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Diane Francis: Can Canada's welfare state survive Trudeau's immigration targets?

Canada's Prime Minister Justin Trudeau walks to the House of Commons on Parliament Hill in Ottawa
Canada's Prime Minister Justin Trudeau walks to the House of Commons on Parliament Hill in Ottawa

Seven years of foolish Liberal immigration policy is cratering housing, health care and the middle class in the country’s two largest cities, Toronto and Vancouver. A new report by CIBC Capital Markets reveals that the overly rapid immigration problem is much more serious than most people realized.

In the fall, the federal government said it was on track to admitting a record 431,000 immigrants in 2022. That number doesn’t include the many “non-permanent residents,” such as guest workers and international students (and their families), who all need places to live, and some of whom gain access to Canada’s crumbling and understaffed universal health-care system.

CIBC’s report said the total number of newcomers in 2022, including “non-permanent residents,” was an estimated 955,000, which represents “an unprecedented swing in housing demand in a single year that is currently not fully reflected in official figures.”

According to Benjamin Tal, managing director and deputy chief economist at CIBC Capital Markets, “Any discussion regarding the housing market in Canada starts and ends with references to the growing number of new immigrants and to the government’s aggressive targets that are aimed at lifting the number of new immigrants by no less than 75 per cent relative to pre-pandemic levels by 2025. This in an environment in which the rental market is getting tighter by the day.”

This is one of the reasons why health care is flailing, housing is unaffordable, roads are clogged and infrastructure projects never keep up with demand — and it’s only going to get worse as the government continues to let in record numbers of newcomers. Prime Minister Justin Trudeau’s government is reducing the living standards of Canadians while at the same time attacking the country’s economic base and resource industries.

Last summer, the Organisation for Economic Co-operation and Development ranked Canada lowest among its 38 countries in terms of housing affordability, which compares average home prices to average incomes. And it’s going to get worse.

The CIBC report addresses another immigration red flag that has been proposed by the Liberals: “What’s more, the recently reported proposed plans by the government to reduce eligibility rules for visitors (in which foreign nationals would not need to establish that they will leave Canada when their visa expires), will in all likelihood work to add notably to demand for residential housing.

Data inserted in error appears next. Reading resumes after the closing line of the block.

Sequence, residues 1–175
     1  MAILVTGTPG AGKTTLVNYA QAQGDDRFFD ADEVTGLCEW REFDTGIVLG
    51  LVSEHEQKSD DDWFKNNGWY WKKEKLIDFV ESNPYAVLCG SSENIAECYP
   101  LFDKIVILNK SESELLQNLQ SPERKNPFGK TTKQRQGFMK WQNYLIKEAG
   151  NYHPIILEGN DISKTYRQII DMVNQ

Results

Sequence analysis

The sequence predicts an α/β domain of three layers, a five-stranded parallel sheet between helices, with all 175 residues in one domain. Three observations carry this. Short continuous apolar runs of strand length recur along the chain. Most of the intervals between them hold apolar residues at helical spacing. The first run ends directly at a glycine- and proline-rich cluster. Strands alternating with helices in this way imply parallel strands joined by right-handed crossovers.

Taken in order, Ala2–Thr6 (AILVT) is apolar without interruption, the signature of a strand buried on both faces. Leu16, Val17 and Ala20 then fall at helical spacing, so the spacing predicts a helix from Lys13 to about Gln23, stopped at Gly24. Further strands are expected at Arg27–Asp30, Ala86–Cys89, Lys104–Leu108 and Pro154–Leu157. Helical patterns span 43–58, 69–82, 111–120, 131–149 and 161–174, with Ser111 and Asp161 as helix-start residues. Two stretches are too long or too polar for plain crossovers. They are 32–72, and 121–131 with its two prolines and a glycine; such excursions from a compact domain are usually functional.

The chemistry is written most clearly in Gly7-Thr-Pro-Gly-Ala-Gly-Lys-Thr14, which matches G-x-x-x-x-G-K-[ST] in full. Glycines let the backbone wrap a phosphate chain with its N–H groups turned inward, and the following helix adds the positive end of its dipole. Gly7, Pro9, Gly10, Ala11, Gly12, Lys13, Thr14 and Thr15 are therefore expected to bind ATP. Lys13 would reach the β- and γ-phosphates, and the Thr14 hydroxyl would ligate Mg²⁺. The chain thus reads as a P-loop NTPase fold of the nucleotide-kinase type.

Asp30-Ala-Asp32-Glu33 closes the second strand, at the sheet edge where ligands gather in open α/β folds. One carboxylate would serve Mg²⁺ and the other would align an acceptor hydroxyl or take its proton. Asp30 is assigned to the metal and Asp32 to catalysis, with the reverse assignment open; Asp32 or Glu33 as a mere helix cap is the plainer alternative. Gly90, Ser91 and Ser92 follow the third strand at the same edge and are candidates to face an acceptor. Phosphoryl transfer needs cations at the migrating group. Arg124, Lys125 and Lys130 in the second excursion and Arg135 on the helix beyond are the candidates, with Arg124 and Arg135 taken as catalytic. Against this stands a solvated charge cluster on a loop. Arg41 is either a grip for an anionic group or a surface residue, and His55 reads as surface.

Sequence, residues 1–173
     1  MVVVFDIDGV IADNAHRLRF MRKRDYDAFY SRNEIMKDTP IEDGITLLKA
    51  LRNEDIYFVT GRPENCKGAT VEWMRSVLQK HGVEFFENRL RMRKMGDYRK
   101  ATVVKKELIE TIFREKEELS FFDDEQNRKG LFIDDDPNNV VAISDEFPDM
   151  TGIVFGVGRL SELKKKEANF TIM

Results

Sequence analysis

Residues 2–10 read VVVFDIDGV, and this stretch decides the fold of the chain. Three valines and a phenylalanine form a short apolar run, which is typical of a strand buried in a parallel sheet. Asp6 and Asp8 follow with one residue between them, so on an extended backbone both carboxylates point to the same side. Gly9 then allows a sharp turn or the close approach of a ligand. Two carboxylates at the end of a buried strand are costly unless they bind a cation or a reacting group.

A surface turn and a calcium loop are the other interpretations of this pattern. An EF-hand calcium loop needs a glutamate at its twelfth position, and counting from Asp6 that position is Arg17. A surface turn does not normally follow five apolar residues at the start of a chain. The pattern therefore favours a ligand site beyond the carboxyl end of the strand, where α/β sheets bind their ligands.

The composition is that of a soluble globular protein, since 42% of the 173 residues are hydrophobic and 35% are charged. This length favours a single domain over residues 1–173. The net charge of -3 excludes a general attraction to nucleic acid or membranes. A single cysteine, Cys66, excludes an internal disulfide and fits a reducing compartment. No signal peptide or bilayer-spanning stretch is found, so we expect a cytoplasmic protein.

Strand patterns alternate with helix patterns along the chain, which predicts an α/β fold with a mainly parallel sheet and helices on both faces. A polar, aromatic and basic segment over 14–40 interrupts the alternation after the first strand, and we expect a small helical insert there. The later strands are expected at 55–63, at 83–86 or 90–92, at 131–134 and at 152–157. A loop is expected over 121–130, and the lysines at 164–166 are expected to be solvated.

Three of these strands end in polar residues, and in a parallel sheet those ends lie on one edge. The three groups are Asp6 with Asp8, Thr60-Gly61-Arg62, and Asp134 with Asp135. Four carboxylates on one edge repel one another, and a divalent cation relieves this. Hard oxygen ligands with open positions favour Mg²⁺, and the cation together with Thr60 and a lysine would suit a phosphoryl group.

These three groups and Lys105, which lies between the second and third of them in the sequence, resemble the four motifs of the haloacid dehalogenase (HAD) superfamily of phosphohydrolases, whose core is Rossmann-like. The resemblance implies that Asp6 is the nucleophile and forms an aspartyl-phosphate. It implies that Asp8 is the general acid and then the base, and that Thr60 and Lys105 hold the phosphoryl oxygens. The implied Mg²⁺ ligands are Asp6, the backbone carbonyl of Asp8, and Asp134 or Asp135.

“While current visitor visa numbers amount to more than 1.1 million, that change of policy would prompt a spike in applications among some visa countries, and create huge incentive to visitor visa holders still in the country, wavering on returning, to remain in Canada and find accommodation.”

It concluded: “Accordingly, it’s not a stretch to suggest that the number of new international arrivals in 2023 might reach one million. This kind of inflow suggests that existing policy tools will easily fall short of addressing the current and future increase in housing demand. At the minimum, short-term housing solutions are needed to accommodate the upcoming unprecedented surge in the number of new arrivals.”

The other casualty is health care, because Canada provides free care to many immigrants and visa holders who are here to work or study. While immigrants can serve an important role in providing much-needed labour in certain sectors of the economy, the federal government has done a poor job finding newcomers who have the skills demanded by employers, and has no plan to expand housing development and the health-care system at a pace that would be necessary to accommodate the record number of people being admitted every year.

Liberal policy is grievously wounding our country. The legacy that will be left by Trudeau’s amateur cabinet of environmentalists, socialists and political organizers will be higher taxes, unaffordable housing, a debilitated health-care system, higher government debt and a lower standard of living for future generations.

Financial Post